In this instalment we find Pen, dealing with the aftermath of previous events, trying to return to a normal existence but having to keep secrets…and when her mirror twin Parva goes missing, Pen must return to the magical underbelly of London and find a way to track her down. The cost however may be high…
When I use the dancing analogy in my description of these books that is the exact feeling the reading of them gives me – a fascinating, magical, magnificent jig of a story, taking you into a world beyond imagination that you can truly live in and let it become real around you. Following along on Pen’s journey, meeting up with both new and fondly remembered characters, it is a perfect adrenalin rush of experiences tempered by some downright emotional moments that cut to the heart.
For me this is right at the top of the tree when it comes to Urban Fantasy – a series I wish would run and run, one that definitely has a lot more to offer and all I can say now is – WHERE IS BOOK 3 – it had better come soon. We don’t want a total Liz meltdown…
This…..the end. Sob.
Four months ago, Mater Viae, the Goddess of London, returned from London-Under- Glass to reclaim her throne. And ever since then, London has been dying.
Streets are wracked by convulsions as muscles of wire and pipe go into spasm, bunching the city into a crippled new geography; pavements flare to thousand-degree fevers, incinerating anyone and anything touching them. Towers crash to the ground, their foundations decayed.
As the streets sicken, so does Beth, drawn ever deeper into the heart of the city, while Pen fights desperately for a way to save her. But when they discover that Mater Viae’s plans for dominion stretch far beyond London’s borders, they must make a choice: Beth has it within her to unleash the city’s oldest and greatest powers – powers that could challenge the vengeful goddess, or destroy the city itself.
So here we are at the finale then and thank HEAVENS it doesnt suffer from what I like to call “lost the plot scenario” which sometimes happens (with one VERY well known trilogy for sure) where the writer seems to lose energy and have no real idea what they intended in the first place. Not in this case, I found it to be a highly satisfying end, although I am still a little sad that it is all over.
Tom Pollock weaves his magic once again, pulling together the various strands and offshoots that have appeared over the course of the story and setting up a thrilling and really quite haunting final confrontation in the style we have come to expect, by using stunning descriptive prose then letting his characters speak. As the streets shatter and the world tilts on its axis, Pen and Beth are right at the heart of it all, fighting for survival and to make London safe again.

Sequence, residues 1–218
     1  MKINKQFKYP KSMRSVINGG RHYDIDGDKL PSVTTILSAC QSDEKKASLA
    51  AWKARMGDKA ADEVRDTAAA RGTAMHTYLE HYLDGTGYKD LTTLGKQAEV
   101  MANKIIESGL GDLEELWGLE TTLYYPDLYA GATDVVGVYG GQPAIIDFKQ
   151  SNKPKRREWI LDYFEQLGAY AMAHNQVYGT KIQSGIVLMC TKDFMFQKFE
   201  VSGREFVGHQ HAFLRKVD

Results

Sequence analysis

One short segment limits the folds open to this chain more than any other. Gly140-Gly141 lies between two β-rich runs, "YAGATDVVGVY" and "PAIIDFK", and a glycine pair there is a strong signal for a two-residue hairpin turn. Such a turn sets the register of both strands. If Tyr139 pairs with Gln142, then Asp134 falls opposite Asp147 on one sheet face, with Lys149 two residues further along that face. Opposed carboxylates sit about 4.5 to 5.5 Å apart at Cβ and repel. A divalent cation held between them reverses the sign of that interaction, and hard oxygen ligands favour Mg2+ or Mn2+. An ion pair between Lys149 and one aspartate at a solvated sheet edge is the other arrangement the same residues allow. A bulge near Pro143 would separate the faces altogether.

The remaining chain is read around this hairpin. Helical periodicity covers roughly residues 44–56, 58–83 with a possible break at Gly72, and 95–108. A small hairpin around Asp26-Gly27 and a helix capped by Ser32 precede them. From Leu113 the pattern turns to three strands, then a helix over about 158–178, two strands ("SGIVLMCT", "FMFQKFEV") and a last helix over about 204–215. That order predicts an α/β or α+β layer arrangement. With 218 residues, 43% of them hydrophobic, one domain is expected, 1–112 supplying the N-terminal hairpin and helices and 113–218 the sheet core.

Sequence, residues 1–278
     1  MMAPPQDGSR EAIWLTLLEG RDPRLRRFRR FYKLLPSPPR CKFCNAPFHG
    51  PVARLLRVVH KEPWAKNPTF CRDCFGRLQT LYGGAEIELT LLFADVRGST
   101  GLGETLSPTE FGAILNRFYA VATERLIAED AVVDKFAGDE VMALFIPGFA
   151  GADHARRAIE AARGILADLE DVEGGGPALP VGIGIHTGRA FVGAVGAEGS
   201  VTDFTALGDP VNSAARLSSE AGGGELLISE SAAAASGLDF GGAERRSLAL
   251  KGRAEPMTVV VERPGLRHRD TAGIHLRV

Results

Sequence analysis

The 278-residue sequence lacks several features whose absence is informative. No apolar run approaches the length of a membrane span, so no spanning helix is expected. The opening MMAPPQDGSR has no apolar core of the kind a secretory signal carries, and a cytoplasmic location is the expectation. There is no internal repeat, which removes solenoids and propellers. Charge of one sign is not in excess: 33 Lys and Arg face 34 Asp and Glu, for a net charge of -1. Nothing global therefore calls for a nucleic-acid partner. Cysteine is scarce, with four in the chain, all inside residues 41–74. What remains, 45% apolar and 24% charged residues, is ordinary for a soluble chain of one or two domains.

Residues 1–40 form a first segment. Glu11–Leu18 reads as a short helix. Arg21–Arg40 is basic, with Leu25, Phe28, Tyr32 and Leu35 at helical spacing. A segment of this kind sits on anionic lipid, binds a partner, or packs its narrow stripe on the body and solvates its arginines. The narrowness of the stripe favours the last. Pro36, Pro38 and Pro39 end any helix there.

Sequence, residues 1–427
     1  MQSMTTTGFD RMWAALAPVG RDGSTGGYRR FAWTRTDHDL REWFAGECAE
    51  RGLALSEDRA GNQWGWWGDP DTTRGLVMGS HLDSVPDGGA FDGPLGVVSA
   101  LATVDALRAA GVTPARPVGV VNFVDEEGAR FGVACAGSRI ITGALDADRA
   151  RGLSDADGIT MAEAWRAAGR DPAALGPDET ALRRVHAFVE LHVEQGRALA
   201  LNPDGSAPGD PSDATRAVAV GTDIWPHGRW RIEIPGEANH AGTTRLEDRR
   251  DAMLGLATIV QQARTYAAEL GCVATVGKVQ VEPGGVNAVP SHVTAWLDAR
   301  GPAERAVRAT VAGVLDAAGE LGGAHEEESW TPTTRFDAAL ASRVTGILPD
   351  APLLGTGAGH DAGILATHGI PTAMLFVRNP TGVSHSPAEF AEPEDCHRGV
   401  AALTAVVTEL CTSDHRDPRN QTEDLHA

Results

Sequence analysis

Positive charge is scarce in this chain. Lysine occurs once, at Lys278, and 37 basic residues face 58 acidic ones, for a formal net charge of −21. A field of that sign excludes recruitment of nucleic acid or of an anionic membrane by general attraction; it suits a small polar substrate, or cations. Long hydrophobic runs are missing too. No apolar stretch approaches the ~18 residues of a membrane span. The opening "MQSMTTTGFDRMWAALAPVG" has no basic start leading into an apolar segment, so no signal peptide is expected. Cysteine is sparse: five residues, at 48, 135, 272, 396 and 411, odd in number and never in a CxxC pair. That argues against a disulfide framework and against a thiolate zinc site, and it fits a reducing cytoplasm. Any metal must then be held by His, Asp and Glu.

An age old tale in a way – a true battle between good and evil – this is a fresh new take on the Urban Fantasy genre and one that will stay with me for a long time. Beth and Pen, like old friends who have moved away, will be missed as will the rich, imaginative environments they have inhabited. Whilst the story IS complete there is so much depth and emotion to this world that it feels like there are many more stories to be told – one might hope that the author will revisit it one day, perhaps with a new inhabitant or a new hidden layer.
To use the same analogy again, I danced through this book as I did through the others – it was a glorious, fascinating, magical rollercoaster ride of reading joy from the very first words of “The Citys Son” to the very last words of “Our Lady of the Streets”. A most amazing accomplishment where the standard never dips, the reader is never cheated and the whole thing is a magnificent, I cannot recommend this series highly enough. To ANY avid reader. And lucky LUCKY you, you can get all three and never have to wait…
I wanted to include something from the author in this feature, and he wrote a guest post for BRSBKBLOG which he has been kind enough to let me steal – original piece here. Tom Pollock on Trilogies.
The Rule of Three – Tom Pollock.
Three, that’s the magic number, especially when it comes to… well, magic. Trilogies are endemic in western literature (the Deptford trilogy, the Karla Trilogy etc) but they are extra-endemic (extrademic? ultrademic? MMMMONSTERDEMIC.*) in fantasy.
The Lord of the Rings? Trilogy His Dark Materials? Trilogy. Earthsea? Quartet, technically, but the fourth book was written eighteen years later than – and was in part a comment and revision on – the first three, which were a trilogy. Lord of the extremely long form Brandon Sanderson has even said he envisions making his Mistborn sequence a trilogy of trilogies, to which I can only say, I admire the man’s stamina.
So what’s so great about three volume series? Is it just tradition? Or is there more to it than that? I thought I’d ask some people who’d written some. So I took to Twitter.